November 5, 1816 Libbeus Hascall became Ticonderoga’s first Postmaster.
November 5, 2016 ~ The Ticonderoga Post Office, with assistance from the Ticonderoga Stamp Club and the Ticonderoga Historical Society, commemorated the 200th anniversary of postal service to Ticonderoga, NY.
James Madison, 4th President of the United States
Mr. Hascall, was one on Ticonderoga’s earliest attorneys to practice here at the Upper Falls. His appointment to this position was during the administration of James Madison, our fourth elected president.
Ticonderoga Post Office – 200th Commemoration Cancellations
TICONDEROGA POST OFFICE ESSEX COUNTY, NEW YORK
NameTitleDate AppointedLibbeus HascallPostmaster11/05/1816Lemuel H. WickerPostmaster06/28/1819Isaac KelloggPostmaster01/03/1820Joseph WeedPostmaster11/03/1823Richard D. ArthurPostmaster11/10/1832Melancton W. BlinPostmaster09/28/1833John H. MorePostmaster05/03/1836Mason A. PerkinsPostmaster05/19/1837John H. MorePostmaster03/24/1838Francis J. ArthurPostmaster12/31/1840George R. AndrewsPostmaster06/22/1841Moses T. CloughPostmaster07/24/1845Alfred WeedPostmaster04/14/1849William A. G. ArthurPostmaster05/13/1853Alanson M. PondPostmaster03/21/1861Frederick WeedPostmaster06/20/1864Thomas A. RileyPostmaster12/02/1886Alexander H. WeedPostmaster12/09/1890Thomas A. RileyPostmaster01/23/1895Eldie T. WilcoxPostmaster03/03/1899Albert WeedPostmaster01/04/1900Richard F. HayesPostmaster05/24/1916Walter B. GunningPostmaster11/17/1921Thomas F. CunninghamPostmaster08/27/1935John W. J. McCaughinActing Postmaster12/27/1965John W. J. McCaughinPostmaster07/27/1966Thomas F. HayesOfficer-In-Charge06/27/1972Thomas F. HayesPostmaster02/17/1973Herman J. GordonOfficer-In-Charge12/29/1978Patricia M. LawsonOfficer-In-Charge06/07/1979Frederick A. WendellPostmaster11/03/1979Rowena AlbertOfficer-In-Charge07/01/1985John E. MichalakPostmaster09/14/1985Dorothy L. AllenOfficer-In-Charge10/01/1992Dorothy L. (Allen) StullPostmaster01/23/1993Kenneth E. HintzOfficer-In-Charge11/04/1996Roger F. CurtisOfficer-In-Charge04/03/1997Robert S. ArmstrongOfficer-In-Charge07/10/1997Linda C. OsbornePostmaster10/11/1997Paul G. ZimolkaOfficer-In-Charge06/11/2009Paul G. ZimolkaPostmaster08/29/2009Jody M. EdsonOfficer-In-Charge07/03/2012Jody M. EdsonPostmaster10/06/2012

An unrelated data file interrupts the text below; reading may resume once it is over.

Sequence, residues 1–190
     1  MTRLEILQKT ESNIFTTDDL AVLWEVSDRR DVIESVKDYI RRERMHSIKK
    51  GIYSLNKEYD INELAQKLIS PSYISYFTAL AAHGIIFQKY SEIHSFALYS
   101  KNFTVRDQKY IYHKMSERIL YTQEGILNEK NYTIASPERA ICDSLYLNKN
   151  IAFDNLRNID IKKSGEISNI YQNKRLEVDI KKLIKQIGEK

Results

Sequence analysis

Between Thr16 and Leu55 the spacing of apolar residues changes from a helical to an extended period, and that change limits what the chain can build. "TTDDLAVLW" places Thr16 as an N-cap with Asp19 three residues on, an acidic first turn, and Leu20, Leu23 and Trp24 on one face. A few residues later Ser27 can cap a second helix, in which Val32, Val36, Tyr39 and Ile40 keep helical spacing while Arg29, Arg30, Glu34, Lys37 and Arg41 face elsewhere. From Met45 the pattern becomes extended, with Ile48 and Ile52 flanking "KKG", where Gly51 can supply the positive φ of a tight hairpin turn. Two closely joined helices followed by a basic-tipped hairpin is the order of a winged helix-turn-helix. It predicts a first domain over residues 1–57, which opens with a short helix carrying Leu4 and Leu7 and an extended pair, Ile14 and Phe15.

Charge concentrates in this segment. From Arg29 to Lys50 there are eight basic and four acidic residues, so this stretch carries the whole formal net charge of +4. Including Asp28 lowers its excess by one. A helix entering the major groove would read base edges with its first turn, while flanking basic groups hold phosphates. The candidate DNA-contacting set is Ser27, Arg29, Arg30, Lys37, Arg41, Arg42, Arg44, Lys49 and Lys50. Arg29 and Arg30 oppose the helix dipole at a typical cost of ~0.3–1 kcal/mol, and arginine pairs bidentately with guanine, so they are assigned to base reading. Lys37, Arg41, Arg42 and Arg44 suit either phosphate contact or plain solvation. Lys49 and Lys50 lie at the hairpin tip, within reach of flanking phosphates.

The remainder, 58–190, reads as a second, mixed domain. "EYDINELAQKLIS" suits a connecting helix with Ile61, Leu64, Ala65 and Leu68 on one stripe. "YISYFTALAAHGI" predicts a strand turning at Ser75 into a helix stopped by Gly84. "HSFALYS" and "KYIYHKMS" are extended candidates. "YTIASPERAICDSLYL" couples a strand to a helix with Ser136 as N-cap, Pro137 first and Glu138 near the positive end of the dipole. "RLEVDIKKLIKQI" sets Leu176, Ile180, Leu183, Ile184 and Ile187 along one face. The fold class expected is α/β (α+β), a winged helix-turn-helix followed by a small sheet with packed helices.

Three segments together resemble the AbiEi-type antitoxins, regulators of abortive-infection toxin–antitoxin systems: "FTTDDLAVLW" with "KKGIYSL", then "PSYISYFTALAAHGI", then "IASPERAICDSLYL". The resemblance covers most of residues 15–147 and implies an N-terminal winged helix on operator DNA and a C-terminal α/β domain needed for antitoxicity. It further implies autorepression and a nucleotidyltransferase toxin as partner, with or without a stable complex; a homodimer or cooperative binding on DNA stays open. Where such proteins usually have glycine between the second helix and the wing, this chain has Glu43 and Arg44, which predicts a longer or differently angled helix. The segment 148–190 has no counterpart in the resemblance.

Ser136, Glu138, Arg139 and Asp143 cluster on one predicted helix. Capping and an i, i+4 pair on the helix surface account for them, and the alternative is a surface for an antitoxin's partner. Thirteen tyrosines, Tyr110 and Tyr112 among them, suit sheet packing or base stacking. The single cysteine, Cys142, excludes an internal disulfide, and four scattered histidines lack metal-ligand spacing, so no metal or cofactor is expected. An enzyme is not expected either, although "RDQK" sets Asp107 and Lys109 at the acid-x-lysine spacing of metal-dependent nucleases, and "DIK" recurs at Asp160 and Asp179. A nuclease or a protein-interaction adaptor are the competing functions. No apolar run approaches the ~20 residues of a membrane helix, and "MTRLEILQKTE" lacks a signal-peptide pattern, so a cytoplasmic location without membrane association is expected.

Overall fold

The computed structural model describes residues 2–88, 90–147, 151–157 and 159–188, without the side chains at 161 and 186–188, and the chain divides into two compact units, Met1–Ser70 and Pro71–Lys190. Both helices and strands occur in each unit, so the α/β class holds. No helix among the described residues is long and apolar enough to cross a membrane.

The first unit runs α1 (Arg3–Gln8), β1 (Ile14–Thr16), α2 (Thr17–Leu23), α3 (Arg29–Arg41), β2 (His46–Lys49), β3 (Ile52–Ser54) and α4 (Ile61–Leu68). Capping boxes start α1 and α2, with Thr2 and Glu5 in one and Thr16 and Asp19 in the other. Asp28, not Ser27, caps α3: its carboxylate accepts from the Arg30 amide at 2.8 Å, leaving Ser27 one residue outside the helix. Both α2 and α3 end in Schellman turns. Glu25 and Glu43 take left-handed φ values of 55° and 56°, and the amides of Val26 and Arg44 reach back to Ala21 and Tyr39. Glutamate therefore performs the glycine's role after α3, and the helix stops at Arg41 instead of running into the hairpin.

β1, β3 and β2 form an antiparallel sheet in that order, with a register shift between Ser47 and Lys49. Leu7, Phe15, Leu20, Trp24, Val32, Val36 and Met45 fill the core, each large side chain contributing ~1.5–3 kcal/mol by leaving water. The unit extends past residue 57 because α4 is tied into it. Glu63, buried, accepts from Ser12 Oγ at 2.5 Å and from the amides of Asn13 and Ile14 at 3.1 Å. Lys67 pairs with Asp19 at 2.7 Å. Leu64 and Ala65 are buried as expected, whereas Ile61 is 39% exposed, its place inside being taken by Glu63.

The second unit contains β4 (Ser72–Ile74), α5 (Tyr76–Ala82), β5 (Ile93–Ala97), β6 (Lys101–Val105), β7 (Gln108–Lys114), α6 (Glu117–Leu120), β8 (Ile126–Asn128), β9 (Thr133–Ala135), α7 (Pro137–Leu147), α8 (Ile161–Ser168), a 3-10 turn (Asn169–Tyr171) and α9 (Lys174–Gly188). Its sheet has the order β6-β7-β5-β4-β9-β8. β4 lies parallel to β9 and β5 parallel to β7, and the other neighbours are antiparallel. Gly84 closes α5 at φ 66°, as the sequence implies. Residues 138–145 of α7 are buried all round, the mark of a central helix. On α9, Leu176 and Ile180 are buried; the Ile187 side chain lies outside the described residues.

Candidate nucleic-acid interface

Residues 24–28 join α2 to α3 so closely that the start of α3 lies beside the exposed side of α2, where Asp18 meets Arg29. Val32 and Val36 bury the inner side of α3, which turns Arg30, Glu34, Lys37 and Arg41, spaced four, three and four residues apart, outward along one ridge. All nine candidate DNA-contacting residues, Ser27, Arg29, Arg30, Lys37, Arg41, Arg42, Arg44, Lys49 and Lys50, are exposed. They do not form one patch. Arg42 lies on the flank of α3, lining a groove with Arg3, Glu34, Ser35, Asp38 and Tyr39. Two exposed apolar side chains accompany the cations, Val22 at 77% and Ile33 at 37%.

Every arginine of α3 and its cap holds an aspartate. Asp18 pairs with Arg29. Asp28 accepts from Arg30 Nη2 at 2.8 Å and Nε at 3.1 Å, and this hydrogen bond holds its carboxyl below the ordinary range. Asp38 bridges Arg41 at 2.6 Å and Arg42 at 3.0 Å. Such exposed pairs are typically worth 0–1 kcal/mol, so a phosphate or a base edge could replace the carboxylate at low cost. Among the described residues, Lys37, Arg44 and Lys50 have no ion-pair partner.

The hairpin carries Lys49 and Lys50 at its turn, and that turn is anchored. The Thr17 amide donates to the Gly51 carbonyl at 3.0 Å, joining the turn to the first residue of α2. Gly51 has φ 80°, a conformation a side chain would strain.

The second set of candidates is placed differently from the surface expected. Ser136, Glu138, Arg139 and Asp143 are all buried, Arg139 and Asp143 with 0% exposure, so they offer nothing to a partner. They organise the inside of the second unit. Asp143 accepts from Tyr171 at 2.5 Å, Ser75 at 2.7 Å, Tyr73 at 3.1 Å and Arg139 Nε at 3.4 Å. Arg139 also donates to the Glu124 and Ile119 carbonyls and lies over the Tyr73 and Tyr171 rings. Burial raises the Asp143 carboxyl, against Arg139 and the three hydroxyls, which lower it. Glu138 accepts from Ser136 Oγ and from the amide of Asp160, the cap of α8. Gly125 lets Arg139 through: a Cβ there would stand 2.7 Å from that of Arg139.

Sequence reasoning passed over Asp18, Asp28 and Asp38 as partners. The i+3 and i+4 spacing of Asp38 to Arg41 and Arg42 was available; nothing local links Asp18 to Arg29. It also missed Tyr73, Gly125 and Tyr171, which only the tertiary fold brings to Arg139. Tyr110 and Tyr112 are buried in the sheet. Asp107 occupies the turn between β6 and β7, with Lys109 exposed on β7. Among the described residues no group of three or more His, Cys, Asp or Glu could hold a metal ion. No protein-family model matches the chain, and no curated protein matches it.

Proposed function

Streetroad Post Office
(Located in the Johnson Brothers General Store)
Chilson Post Office
(Window Registration Book – 1961 to 1964)
Postal Box Receipt
Benjamin Franklin was the first Postmaster General. Postal Career – Franklin was appointed postmaster of Philadelphia by the British Crown Post in 1737. Newspaper publishers often served as postmasters, which helped them to gather and distribute news. Postmasters decided which newspapers could travel free in the mail — or in the mail at all. Then British Postmaster General, Elliott Benger, added to Franklin’s duties by making him comptroller, with financial oversight for nearby Post Offices. Franklin lobbied the British to succeed Benger when his health failed and, with Virginia’s William Hunter, was named joint postmaster general for the Crown on August 10, 1753. Franklin surveyed post roads and Post Offices, introduced a simple accounting method for postmasters, and had riders carry mail both night and day. He encouraged postmasters to establish the penny post where letters not called for at the Post Office were delivered for a penny. Remembering his experience with the Gazette, (his newspaper) Franklin mandated delivery of all newspapers for a small fee. In 1757, while serving as joint postmaster general. Franklin went to London to represent Pennsylvania’s government. In 1763, back in the colonies. he traveled 1,600 miles surveying post roads and Post Offices from Virginia to New England. In 1764, Franklin returned to London, where he represented the interests of several colonial governments. In 1774, judged too sympathetic to the colonies, he was dismissed as joint postmaster general.